Figures 1-2. Fundus photographs of an obese 19 year old woman with headache.
Questions and Answers
1. What is the clinical finding illustrated in the photographs? Answer: Bilateral disc edema.
2. What is the most likely etiology for this condition? Answer: Increased intracranial pressure.
3. What are you likely to find on visual field testing? Answer: An enlarged blind spot in both eyes, which corresponds to the papilledema. Other visual field defects may also be present, particularly in the inferonasal quadrant.
4. What study should be done next and why? Answer: An MRI or CT of the brain, to evaluate potential causes of elevated intracranial pressure, especially tumor.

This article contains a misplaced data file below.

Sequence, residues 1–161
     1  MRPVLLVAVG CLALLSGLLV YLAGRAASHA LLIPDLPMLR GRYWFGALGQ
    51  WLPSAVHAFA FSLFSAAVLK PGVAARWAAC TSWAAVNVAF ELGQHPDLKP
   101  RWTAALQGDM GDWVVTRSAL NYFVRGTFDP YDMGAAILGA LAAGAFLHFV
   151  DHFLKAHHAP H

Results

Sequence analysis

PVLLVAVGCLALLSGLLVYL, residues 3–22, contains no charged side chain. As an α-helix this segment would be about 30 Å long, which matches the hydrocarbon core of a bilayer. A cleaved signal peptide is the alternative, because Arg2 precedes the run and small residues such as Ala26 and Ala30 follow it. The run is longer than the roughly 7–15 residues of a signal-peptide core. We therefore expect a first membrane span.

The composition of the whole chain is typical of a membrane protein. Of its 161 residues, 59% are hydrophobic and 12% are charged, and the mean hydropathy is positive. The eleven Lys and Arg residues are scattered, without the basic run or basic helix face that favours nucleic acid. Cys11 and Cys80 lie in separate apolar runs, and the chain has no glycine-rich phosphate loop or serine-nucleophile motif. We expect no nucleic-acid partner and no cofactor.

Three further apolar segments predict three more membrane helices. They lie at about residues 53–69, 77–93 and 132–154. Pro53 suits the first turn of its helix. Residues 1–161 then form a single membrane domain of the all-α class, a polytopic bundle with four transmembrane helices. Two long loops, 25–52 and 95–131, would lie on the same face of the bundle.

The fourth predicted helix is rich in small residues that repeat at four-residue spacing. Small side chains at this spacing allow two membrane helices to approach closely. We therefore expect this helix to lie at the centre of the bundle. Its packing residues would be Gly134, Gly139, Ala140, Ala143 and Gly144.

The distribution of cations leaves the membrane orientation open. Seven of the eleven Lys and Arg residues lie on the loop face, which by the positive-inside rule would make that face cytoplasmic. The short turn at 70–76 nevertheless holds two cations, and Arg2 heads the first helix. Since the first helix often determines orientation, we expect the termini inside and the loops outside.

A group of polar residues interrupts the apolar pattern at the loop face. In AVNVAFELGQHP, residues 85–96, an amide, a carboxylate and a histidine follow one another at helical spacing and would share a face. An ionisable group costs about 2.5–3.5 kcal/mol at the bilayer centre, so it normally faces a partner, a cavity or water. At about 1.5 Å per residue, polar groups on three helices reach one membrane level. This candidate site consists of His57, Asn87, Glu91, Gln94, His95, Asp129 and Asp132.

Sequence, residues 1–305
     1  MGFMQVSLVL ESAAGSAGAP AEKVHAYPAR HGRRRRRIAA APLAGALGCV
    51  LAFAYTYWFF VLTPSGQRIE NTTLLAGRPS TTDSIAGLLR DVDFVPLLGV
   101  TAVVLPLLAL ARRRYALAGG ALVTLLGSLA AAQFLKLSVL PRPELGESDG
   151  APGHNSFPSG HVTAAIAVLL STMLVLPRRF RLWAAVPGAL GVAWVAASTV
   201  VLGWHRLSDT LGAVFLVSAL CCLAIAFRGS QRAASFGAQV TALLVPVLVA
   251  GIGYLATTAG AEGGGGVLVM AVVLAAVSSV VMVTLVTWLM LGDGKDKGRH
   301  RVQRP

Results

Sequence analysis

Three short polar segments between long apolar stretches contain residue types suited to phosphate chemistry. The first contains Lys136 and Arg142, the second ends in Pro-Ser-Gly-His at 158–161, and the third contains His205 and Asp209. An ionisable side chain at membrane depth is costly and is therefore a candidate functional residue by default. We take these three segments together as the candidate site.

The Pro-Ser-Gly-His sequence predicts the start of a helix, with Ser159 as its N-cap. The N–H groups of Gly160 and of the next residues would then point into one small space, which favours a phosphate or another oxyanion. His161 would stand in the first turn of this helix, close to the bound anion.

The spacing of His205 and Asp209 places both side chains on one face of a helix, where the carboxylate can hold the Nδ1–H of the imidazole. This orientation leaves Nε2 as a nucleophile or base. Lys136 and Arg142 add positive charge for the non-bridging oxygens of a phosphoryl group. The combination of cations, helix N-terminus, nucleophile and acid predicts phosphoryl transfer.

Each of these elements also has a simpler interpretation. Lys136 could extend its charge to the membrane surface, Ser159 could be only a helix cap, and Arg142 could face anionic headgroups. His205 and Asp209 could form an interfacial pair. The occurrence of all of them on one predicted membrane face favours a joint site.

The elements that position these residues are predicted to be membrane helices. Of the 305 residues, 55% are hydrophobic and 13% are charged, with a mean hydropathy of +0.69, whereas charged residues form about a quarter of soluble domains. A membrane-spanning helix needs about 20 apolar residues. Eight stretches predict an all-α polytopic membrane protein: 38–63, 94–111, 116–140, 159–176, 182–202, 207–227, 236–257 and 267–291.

5. This study was completely normal, what should be done next and why? Answer: A lumbar puncture, to evaluate the CSF composition and measure the opening pressure. The opening pressure in this patient was 450mm of water, and the CSF composition was normal.
6. Given the results of the previous studies what is the most likely diagnosis? Answer: Pseudotumor cerebri.
7. How would you treat this patient? Answer: Treatment begins with weight loss and careful observation with serial visual field examinations. Oral acetazolamide may be used to decrease CSF production and lower intracranial pressure.
8. If maximum medical therapy failed and there was progressive visual field or acuity loss what would be your next step? Answer: Optic nerve sheath fenestration of the more severely affected eye. This may also relieve the edema of the contralateral optic disc.